Researchers have uncovered a gene they suspect triggers fullness and might finally help us stop overeating, too. Sounds like the best development in dieting so far.
The research, conducted by scientists at Monash University in Melbourne and the University of Copenhagen, identified a special gene in roundworms, which share about 80 per cent of their genetic makeup with humans. This particular gene controls signals between the brain and gut, triggering a sense of fullness after enough fat’s been stored away. But even more importantly, it also tells the worm to stop moving around once full.
“When animals are malnourished they seek out food by roaming their environment,” said lead researcher Roger Pocock. “When they’re well fed they have no need to roam, and when they’re fully sated they enter a sleep-like state.”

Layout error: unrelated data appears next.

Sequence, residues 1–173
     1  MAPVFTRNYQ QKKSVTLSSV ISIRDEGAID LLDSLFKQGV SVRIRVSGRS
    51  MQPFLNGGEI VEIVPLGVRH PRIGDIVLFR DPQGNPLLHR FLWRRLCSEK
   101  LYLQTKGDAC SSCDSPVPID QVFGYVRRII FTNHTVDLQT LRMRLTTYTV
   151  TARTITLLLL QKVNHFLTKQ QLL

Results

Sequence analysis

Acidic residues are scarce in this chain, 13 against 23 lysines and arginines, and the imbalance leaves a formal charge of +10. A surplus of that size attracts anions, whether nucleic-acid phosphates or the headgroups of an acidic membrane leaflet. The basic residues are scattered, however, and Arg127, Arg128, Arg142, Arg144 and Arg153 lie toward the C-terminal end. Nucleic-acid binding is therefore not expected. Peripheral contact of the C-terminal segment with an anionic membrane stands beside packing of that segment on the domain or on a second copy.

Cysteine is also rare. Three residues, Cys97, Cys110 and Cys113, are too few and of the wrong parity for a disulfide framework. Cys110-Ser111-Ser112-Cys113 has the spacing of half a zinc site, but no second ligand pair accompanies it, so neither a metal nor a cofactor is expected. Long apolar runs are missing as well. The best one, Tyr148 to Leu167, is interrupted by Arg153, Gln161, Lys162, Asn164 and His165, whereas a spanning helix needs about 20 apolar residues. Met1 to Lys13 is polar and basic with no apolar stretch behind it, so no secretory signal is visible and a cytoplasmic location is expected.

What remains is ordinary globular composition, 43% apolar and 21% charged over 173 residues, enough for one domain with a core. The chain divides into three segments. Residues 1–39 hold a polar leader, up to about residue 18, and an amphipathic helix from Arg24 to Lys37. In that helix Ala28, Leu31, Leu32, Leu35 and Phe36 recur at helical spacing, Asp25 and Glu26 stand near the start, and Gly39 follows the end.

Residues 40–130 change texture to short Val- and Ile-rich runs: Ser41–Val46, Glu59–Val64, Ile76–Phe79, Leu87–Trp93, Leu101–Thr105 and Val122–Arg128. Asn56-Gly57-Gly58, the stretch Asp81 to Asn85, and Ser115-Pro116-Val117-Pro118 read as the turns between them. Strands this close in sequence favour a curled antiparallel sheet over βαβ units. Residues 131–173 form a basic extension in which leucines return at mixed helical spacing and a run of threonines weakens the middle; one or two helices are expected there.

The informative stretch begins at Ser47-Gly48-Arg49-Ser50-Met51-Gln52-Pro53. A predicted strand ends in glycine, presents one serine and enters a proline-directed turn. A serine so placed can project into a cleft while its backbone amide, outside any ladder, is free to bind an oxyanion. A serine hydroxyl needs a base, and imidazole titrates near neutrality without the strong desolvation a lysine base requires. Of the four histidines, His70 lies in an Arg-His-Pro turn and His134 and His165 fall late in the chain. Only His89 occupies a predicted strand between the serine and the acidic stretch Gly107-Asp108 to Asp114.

It may seem odd that scientists were poking around in worms to find a ‘cure’ for overeating, but apparently, they make great subjects.
“Because roundworms share so many genes with humans they are a great model system to investigate and gain a better understanding of processes like metabolism as well as diseases in humans,” said Pocock.
Since humans and roundworms share similar genes, experts are optimistic that these findings could lead to a drug that will curb hunger and fight obesity. Um, sign us up for the trials, please?